U.S. President Donald Trump said on Saturday that his meeting with North Korean leader Kim Jong Un could take place within three or four weeks.
Speaking at a rally in Michigan, Trump said that "whatever happens, happens" at the meeting.
"Look, I may go in. It may not work out. I leave," said the president, according to CNN, adding he thinks "we'll have a meeting over the next three or four weeks."
Administration officials said last week that Trump will urge North Korea to act quickly to dismantle its nuclear arsenal when he meets Kim and is not willing to grant Pyongyang substantial sanctions relief in return for a freeze of its nuclear and missile tests.
On Thursday, Kim and South Korean President Moon Jae-in held a historic meeting in the Demilitarized Zone between the two countries, meant to serve as preparation for the Trump-Kim meeting.
Trump spoke with Moon on Saturday and, according to the South Korean Yonhap news agency, the two agreed to closely coordinate to ensure the upcoming summit with Kim will reach an agreement on concrete measures to denuclearize North Korea.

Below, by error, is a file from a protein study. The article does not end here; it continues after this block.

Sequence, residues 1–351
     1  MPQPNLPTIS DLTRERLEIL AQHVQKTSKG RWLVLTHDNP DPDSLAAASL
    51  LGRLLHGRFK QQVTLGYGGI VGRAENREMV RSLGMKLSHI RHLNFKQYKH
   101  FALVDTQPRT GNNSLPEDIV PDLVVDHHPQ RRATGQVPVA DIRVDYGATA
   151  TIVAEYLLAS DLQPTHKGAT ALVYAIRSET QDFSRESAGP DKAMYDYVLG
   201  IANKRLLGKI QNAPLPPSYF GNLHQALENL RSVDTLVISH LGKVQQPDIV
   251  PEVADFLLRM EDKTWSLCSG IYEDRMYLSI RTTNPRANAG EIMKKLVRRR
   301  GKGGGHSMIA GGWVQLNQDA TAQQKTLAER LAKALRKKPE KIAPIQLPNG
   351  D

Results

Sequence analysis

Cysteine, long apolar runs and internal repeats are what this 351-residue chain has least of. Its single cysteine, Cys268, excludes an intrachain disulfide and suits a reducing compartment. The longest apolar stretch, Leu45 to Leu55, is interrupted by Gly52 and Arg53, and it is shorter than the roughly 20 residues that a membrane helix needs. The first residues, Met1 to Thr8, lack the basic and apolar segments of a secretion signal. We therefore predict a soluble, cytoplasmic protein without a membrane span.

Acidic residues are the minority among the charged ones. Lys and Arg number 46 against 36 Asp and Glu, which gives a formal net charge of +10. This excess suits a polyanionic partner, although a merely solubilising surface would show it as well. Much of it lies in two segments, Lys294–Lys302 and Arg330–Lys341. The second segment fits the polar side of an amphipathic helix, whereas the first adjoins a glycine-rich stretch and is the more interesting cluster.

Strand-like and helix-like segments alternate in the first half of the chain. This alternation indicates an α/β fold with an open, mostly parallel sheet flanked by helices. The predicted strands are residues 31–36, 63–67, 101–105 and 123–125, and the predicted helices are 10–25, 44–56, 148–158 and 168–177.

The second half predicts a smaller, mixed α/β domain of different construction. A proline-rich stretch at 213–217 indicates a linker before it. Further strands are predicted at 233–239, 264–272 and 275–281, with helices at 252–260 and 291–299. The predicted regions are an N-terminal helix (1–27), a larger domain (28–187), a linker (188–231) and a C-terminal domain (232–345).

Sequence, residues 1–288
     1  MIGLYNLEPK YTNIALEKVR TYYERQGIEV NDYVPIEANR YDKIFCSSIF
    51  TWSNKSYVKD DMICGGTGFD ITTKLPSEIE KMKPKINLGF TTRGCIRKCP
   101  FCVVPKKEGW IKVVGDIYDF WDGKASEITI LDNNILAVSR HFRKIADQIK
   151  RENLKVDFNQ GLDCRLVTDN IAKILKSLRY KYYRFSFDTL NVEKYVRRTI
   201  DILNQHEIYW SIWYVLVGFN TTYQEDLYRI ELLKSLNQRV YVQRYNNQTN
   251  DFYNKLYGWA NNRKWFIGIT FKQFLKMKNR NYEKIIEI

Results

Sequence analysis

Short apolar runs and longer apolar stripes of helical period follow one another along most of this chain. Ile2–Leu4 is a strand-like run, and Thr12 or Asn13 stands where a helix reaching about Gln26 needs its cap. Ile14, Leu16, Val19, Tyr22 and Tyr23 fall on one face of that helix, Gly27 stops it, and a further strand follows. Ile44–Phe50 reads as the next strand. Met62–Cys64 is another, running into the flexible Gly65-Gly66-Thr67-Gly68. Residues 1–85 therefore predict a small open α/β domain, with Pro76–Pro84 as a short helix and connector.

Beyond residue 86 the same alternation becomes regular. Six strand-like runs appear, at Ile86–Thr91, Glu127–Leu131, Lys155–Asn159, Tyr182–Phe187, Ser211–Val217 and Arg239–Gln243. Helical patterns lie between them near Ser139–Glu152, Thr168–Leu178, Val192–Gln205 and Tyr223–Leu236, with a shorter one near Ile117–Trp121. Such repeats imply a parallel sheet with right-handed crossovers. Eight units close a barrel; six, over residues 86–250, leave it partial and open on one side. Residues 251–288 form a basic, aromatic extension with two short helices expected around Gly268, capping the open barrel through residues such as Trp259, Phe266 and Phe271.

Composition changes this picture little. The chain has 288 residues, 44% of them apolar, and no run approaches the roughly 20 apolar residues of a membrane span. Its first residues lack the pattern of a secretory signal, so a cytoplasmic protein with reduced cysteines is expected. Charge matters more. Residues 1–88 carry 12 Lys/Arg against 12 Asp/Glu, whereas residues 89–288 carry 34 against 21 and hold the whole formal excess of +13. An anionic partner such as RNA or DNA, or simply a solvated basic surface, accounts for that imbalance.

"The two leaders agreed that South Korea and the United States should continue to closely coordinate so that the planned U.S.-North Korea summit generates an agreement on concrete measures to realize complete denuclearization," said a statement from Moon’s office.
In Trump’s speech on Saturday, he said the South Korean leader credited him for the apparent progress with North Korean leader Kim Jong Un.
"He gives us tremendous credit," Trump said. "He gives us all the credit."
Trump said the goal of the talks would be to "de-nuke" the Korean Peninsula and acknowledged the situation was difficult to predict.
"I'm not going to give you what's going to actually happen because we don't really know," Trump added.